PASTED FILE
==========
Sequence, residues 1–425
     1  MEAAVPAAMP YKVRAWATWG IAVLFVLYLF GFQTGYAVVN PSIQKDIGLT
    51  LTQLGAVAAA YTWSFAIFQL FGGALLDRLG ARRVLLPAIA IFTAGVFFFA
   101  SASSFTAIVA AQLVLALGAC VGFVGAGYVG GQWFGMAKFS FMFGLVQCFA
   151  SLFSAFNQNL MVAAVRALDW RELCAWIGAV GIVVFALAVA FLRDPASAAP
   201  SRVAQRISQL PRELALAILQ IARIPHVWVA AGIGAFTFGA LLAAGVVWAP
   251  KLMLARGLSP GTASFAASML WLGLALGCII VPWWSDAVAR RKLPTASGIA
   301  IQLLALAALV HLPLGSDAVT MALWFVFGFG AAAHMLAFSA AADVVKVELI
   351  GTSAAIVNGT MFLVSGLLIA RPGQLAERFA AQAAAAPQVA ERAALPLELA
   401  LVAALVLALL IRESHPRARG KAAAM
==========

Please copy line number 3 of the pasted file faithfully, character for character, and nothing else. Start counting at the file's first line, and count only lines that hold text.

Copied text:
    51  LTQLGAVAAA YTWSFAIFQL FGGALLDRLG ARRVLLPAIA IFTAGVFFFA